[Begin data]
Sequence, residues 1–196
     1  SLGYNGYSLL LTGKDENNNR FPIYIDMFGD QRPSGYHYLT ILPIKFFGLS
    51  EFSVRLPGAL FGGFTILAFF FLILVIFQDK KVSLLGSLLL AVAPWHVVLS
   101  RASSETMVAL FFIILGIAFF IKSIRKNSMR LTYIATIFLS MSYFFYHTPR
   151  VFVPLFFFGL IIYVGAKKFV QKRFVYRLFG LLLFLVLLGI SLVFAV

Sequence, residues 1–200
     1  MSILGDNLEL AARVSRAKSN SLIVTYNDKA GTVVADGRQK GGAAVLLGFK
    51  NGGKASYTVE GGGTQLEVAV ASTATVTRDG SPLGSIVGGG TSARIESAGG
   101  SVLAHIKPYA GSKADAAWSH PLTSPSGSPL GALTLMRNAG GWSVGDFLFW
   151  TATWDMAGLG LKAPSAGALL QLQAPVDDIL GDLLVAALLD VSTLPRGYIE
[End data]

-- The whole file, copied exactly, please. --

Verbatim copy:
Sequence, residues 1–196
     1  SLGYNGYSLL LTGKDENNNR FPIYIDMFGD QRPSGYHYLT ILPIKFFGLS
    51  EFSVRLPGAL FGGFTILAFF FLILVIFQDK KVSLLGSLLL AVAPWHVVLS
   101  RASSETMVAL FFIILGIAFF IKSIRKNSMR LTYIATIFLS MSYFFYHTPR
   151  VFVPLFFFGL IIYVGAKKFV QKRFVYRLFG LLLFLVLLGI SLVFAV

Sequence, residues 1–200
     1  MSILGDNLEL AARVSRAKSN SLIVTYNDKA GTVVADGRQK GGAAVLLGFK
    51  NGGKASYTVE GGGTQLEVAV ASTATVTRDG SPLGSIVGGG TSARIESAGG
   101  SVLAHIKPYA GSKADAAWSH PLTSPSGSPL GALTLMRNAG GWSVGDFLFW
   151  TATWDMAGLG LKAPSAGALL QLQAPVDDIL GDLLVAALLD VSTLPRGYIE